How the Trump presidency is reversing history

How the Trump presidency is reversing history
President Donald J. Trump offers a fist pump to awaiting supporters as he disembarks Air Force One Saturday, Dec. 14 2019, at Philadelphia International Airport to attend the 120th Army-Navy football game. (Official White House Photo by Joyce N. Boghosian)

History never exactly repeats itself. But sometimes it reverses itself. It is doing that now. As Thucydides, the father of scientific history, observed, history can provide us with a road map to travel forward and backwards as we try to understand why human beings and human societies act as they do. In the hands of a Thucydides, the markers for our travel with history are fixed and clear. But mostly we move through our lives with little certainty, seeing the past dimly in front of us, even if we use history carefully and wisely, but mostly with the future behind us, unseen and unforeseeable.


Right now the reversal we have in mind is the movement from late twentieth-century liberal democracy to seventeenth-century autocracy. Moving forward from 2019 is looking a lot like moving backward from 1689. In that year 330 years ago, King William III became the first undeniably limited or constitutional monarch of England through the creation and promulgation of the English Bill of Rights.

If that title sounds familiar, it is because our Bill of Rights was modeled on the earlier English law. The constitutional limitations on the monarch had been preceded by the attempt of William's predecessor, King James II to be an absolute sovereign, to rule without parliament, and to nullify the force of laws through his prerogative powers. James was acting in the spirit of his father Charles I and his grandfather James I who quoted the Bible that kings were little gods (Psalm 82). James II was overthrown by the Glorious Revolution.  In short, effective constitutional government in England was only reached through a century-long struggle against four kings who aspired to be absolute rulers.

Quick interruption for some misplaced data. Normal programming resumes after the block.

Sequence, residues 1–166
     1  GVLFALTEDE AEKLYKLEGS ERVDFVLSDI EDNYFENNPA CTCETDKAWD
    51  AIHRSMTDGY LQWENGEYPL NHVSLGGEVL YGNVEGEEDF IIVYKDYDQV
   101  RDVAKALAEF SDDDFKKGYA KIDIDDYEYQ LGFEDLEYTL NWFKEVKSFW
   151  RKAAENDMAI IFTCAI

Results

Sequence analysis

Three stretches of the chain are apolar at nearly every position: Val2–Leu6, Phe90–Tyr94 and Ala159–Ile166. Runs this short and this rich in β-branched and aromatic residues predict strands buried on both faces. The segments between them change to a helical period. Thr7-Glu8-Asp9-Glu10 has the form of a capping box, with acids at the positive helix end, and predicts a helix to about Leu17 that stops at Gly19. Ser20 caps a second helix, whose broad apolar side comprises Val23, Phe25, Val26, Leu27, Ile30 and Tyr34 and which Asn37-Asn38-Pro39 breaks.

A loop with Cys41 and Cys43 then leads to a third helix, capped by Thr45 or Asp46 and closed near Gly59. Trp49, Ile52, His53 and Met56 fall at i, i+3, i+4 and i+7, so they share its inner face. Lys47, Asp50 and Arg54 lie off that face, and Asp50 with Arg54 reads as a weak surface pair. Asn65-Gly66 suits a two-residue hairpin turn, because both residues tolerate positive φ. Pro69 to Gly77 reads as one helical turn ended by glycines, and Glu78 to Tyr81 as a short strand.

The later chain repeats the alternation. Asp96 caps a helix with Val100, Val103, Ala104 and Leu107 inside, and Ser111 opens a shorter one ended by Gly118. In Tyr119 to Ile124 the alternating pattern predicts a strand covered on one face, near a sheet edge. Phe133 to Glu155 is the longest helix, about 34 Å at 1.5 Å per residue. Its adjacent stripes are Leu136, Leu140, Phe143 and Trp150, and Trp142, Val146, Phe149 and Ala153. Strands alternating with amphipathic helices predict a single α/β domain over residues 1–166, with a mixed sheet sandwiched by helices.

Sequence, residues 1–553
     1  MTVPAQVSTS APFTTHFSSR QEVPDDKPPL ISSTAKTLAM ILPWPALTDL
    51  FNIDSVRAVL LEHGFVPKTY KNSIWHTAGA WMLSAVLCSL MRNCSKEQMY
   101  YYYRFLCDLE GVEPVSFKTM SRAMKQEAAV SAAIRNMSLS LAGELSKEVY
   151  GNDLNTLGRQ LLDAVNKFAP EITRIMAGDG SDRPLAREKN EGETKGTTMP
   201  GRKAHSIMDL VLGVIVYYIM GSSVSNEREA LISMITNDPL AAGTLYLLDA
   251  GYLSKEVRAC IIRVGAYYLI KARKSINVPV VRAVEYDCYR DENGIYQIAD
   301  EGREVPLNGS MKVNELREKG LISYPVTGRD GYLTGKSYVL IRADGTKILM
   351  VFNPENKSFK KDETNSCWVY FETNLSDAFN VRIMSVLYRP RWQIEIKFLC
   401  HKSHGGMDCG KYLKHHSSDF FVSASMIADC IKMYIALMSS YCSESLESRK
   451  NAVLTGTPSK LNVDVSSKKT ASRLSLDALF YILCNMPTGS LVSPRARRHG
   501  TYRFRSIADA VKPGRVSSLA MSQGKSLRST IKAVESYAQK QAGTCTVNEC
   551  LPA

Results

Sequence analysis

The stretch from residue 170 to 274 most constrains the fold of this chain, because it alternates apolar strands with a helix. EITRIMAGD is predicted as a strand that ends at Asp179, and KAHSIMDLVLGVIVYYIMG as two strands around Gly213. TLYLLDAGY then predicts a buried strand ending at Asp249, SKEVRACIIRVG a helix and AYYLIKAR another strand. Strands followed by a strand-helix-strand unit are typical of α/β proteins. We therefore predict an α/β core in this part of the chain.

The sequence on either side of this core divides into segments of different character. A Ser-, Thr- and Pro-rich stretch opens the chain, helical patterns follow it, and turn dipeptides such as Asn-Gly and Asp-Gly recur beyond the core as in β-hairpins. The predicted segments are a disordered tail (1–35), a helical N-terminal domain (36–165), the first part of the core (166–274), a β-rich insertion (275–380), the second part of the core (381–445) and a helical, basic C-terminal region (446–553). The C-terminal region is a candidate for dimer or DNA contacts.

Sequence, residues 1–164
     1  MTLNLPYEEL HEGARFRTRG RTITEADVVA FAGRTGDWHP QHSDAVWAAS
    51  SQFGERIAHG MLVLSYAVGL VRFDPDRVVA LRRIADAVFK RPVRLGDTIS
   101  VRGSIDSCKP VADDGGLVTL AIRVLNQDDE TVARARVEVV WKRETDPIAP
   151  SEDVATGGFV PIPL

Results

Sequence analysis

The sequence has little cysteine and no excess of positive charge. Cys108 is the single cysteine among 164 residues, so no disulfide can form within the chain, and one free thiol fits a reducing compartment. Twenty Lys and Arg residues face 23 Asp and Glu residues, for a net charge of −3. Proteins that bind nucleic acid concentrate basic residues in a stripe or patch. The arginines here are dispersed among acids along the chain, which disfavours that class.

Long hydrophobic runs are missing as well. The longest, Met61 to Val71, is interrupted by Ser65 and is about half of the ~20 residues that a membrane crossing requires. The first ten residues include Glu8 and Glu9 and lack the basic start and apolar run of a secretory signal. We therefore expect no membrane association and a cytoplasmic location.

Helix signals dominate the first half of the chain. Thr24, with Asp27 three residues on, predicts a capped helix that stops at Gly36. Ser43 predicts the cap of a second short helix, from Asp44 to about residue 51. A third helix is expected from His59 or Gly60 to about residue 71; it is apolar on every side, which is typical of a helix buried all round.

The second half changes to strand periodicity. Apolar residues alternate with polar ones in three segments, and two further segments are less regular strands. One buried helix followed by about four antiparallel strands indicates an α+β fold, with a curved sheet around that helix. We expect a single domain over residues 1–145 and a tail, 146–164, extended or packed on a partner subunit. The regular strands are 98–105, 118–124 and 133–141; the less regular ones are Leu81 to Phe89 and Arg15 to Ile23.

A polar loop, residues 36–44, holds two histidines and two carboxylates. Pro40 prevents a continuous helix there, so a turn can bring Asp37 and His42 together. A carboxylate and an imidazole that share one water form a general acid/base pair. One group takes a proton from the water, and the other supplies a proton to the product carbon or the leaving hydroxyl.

The United States is deep into the reverse process. Members of Congress of the United States under President Donald Trump, acting upon their own politically calculated self-interests—they need the votes of Trump's unwaveringly loyal supporters to stay in o office—defer to him with little meaningful struggle. President Trump's refusal to release congressional mandated military funds to an American ally, the Ukraine, that is at war with its much more powerful enemy Russia showed contempt for Congress as much as it was a ploy to help his prospects for reelection.

While the kings of England were propped up by the divine right of kings, the president of the United States is propped up by the theory of the unitary executive. According to this theory, the unitary ruler both makes and administers laws. George W. Bush relied on this theory to claim that there were no limits on our chief executive's judgment. We got warrantless surveillance of our personal communications, and cruel, inhuman and degrading, euphemistically 'enhanced', interrogation of detainees in defiance of statues and acts of Congress. Garrett Epps has underscored that the temptation for chief executives, men—so far—desirous of power and possessing hubristic levels of self-confidence, to do what they want and what they think right, has been irresistible for all presidents, Democrat or Republican, from Ronald Reagan onward. The current deference of the US Senate to President Trump makes it legislatively moribund. It is a foregone conclusion that the Senate will acquit Trump.

The excesses of King Charles I led to the English Civil War and his trial in early 1649. He refused to defend himself on the grounds that he was above the law. Legally, he was right; but he was convicted and executed. Like Charles, Trump refused to defend himself during the recent Intelligence and Judiciary Committee on the grounds that they had no jurisdiction over him. He will fare better than Charles I, who was convicted and executed, just as one would expect when history is running backwards.

If Trump is not convicted in the Senate of abusing his power and obstructing Congress, he will be emboldened. Unlike King James II, who was ousted, Trump will continue to debase the government and weaken American security. It is unlikely that "the hollow men" of the Senate, men stuffed with campaign money and, like Roman senators in the late empire, basking in the vain-glory of merely occupying high office, will have the courage to do their duty, reverse the reversal of history, and remind our president that he is a mere chief executive and not King Donald I.

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